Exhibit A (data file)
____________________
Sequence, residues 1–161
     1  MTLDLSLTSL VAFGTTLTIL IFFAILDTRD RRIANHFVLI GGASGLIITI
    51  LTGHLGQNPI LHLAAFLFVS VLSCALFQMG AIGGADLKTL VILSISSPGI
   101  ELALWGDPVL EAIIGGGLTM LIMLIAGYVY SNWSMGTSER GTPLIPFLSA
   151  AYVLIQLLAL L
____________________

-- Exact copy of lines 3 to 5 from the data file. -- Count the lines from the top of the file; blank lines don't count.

    51  LTGHLGQNPI LHLAAFLFVS VLSCALFQMG AIGGADLKTL VILSISSPGI
   101  ELALWGDPVL EAIIGGGLTM LIMLIAGYVY SNWSMGTSER GTPLIPFLSA
   151  AYVLIQLLAL L